Judge's Body Found In Hudson River

Judge’s Body Pulled From Hudson River: Last Hours Of Sheila Abdus-Salaam Traced

The first ever United States female Muslim Judge was found dead shortly after her husband reported her missing. Sheila Abdus-Salaam’s body was pulled from the Hudson River in New York near Manhattan on Wednesday.

Abdus-Salaam was 65-years-old and had served on the New York Court of Appeals as an associate judge. She served on New York’s top court as the first African-American woman, according to the Hill.

Her husband reported her missing earlier in the day on Wednesday to the police. According to the New York Times today, the judge’s cause of death is believed to be suicide, but there is an on-going investigation on her death.

Judge Abdus-Salaam called out of work on Tuesday, saying she wasn’t feeling well. She had called her chambers, which is located in Midtown Manhattan. Then on Wednesday, there was no call from Abdus-Salaam when she failed to show up at work.

The judge was basically a newlywed, as she had been married to her husband for only eight months. It was her husband who Abdus-Salaam’s assistant reached out to via a text message when she didn’t show up for work on Wednesday. According to a law enforcement official, it was a short time after that when her husband called 911 to report her missing.

Later in the afternoon on Wednesday, her body was discovered floating in the Hudson River. Officials pulled her body from the river in the area of West 132nd Street. According to reports, the body was located very close to shore. From what the investigators have said, due to the condition of her body, they don’t believe she had been in the river for any length of time. Judge Abdus-Salaam had a Metro card in her pocket and was wearing a wrist watch. She was casually dressed in a zippered sweater that was gray, and she also had black sweatpants on and a gray T-shirt. She was also wearing her New Balance sneakers.

Officials speaking to the Times under anonymity said how Abdus-Salaam’s steps were traced from where she was last seen on Monday night, which was leaving her office. They were able to track her journey home, which included taking the subway at about 8 p.m., which was the No. 6 line.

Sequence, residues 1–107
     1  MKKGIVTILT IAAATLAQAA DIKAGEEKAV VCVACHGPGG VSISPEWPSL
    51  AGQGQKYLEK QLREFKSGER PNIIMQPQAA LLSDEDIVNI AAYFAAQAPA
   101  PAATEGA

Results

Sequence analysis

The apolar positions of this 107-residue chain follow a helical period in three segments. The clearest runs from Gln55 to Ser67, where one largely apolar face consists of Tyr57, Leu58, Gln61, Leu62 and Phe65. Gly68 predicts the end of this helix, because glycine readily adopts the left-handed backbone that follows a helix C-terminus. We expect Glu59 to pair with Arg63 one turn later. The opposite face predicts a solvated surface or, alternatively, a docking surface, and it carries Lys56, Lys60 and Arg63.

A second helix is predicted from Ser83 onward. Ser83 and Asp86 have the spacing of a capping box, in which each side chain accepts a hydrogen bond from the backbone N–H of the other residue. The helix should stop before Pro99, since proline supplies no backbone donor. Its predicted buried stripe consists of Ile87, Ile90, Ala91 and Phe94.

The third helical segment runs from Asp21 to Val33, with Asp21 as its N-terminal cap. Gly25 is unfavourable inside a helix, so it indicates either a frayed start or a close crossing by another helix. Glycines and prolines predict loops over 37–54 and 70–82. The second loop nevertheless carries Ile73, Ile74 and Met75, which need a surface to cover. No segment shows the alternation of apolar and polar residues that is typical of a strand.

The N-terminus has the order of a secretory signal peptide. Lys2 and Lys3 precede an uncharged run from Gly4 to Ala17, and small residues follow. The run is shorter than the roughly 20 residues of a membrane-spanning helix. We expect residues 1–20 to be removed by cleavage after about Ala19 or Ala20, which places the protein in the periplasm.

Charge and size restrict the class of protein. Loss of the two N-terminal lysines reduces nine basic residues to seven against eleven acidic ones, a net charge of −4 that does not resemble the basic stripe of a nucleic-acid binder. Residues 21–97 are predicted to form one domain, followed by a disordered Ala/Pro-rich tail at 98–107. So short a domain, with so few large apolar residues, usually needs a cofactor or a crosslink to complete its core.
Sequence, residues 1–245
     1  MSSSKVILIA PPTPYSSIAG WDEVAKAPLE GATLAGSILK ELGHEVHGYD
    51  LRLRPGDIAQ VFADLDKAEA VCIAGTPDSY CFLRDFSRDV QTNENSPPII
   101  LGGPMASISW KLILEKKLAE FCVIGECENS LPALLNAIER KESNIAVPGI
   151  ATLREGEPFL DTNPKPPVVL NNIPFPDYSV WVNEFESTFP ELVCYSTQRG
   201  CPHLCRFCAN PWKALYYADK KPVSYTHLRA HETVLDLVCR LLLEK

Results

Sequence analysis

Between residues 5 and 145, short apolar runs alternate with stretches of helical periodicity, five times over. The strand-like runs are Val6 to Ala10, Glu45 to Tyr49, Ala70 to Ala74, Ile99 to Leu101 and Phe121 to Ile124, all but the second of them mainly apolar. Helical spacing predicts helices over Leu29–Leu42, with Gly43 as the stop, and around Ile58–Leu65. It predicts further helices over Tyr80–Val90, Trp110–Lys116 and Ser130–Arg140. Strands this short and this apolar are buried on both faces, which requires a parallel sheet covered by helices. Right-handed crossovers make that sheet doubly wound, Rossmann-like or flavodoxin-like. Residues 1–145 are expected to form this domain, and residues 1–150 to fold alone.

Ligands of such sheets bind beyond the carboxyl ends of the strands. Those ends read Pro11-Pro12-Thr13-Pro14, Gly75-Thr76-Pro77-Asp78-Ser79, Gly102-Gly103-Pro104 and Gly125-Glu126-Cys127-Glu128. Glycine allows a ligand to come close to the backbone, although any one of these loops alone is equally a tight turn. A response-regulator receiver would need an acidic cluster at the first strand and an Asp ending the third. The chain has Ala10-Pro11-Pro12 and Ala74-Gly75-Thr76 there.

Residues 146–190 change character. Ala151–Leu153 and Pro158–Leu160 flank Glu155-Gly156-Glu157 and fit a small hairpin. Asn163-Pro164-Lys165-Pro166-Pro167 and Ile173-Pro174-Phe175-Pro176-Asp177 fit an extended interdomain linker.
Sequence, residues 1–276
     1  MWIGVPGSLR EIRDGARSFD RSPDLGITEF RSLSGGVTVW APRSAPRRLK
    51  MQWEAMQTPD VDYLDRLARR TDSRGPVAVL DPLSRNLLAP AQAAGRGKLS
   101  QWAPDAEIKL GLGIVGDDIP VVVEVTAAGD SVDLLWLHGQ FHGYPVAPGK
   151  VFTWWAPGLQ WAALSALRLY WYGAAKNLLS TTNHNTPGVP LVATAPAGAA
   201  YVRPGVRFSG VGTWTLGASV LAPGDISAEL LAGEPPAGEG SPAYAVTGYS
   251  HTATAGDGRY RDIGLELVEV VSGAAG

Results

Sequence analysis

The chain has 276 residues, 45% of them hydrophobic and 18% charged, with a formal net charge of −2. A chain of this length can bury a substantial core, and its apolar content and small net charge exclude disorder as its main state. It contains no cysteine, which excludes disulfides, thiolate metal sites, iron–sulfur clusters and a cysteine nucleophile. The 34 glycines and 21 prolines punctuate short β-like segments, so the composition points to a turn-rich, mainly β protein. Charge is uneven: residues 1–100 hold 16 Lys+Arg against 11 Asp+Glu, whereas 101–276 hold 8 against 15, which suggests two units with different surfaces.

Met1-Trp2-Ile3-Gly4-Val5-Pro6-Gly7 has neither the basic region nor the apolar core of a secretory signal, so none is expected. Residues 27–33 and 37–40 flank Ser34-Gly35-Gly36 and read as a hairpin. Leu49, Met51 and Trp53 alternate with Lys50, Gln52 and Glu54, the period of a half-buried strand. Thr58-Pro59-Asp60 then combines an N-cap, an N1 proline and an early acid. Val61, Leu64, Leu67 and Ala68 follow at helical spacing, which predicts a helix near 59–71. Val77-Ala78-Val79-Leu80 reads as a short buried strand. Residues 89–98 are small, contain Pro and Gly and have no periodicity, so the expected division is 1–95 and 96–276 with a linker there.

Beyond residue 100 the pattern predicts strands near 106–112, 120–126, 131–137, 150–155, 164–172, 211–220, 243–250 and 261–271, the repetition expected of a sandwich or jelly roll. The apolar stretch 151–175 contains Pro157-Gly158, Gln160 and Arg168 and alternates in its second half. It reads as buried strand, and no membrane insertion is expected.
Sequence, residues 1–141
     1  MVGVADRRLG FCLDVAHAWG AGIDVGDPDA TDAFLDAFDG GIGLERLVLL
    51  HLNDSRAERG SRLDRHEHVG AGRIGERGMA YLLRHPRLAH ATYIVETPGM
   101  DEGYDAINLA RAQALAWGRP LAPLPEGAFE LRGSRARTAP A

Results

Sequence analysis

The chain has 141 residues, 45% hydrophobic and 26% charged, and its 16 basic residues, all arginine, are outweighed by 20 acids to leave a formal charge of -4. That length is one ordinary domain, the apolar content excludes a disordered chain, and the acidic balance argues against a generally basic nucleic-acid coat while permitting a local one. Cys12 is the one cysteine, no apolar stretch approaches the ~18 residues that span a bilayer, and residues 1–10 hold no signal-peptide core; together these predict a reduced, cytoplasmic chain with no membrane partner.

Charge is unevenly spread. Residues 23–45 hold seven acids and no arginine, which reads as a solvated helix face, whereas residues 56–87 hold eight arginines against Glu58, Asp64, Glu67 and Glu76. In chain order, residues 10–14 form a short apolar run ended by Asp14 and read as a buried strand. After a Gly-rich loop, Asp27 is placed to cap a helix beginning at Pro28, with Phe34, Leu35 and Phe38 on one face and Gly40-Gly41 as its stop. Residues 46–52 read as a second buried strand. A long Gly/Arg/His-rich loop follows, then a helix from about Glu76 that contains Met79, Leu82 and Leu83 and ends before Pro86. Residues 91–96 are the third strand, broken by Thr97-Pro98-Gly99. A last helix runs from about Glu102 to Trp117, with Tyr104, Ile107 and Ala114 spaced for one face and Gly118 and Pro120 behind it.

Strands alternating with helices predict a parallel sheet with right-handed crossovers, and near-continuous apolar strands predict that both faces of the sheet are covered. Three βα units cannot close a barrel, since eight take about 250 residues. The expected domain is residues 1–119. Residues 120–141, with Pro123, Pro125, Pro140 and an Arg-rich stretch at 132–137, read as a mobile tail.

According to the New York Post, witnesses spotted a body floating in the Hudson River and called 911. That was at about 1:30 p.m. on Wednesday. There were no signs of a physical struggle or injuries on her body, leading investigators to believe this was a suicide. Abdus-Salaam’s husband was the one who identified the body of his wife.

Back at her home, the place was locked up using keys from the outside of the door. The judge’s cellphone was found inside her apartment. The governor of New York said in a statement on Wednesday evening that he considered Judge Abdus-Salaam a judge with an “unshakable moral compass.” Governor Andrew Cuomo also called her a “pioneer” and a “trailblazing jurist whose life in public service was in pursuit of a more fair and more just New York for all.”

News of Abdus-Salaam’s death came as a “terrible blow” for Jonathan Lippman, who served as the chief judge of the state Court of Appeals from 2009 to 2015. In an interview with the New York Post, Lippman said that if you asked anyone who knew this judge about her, “people would only say the most wonderful things.” He then said “that’s why it makes it even more difficult to understand.”

Abdus-Salaam was known for the many fair decisions she made as a judge, and people who knew her through her entire law career said she was often thought of as a friend to the people who were less fortunate in life.

[Featured Image by Mike Groll/AP Images]

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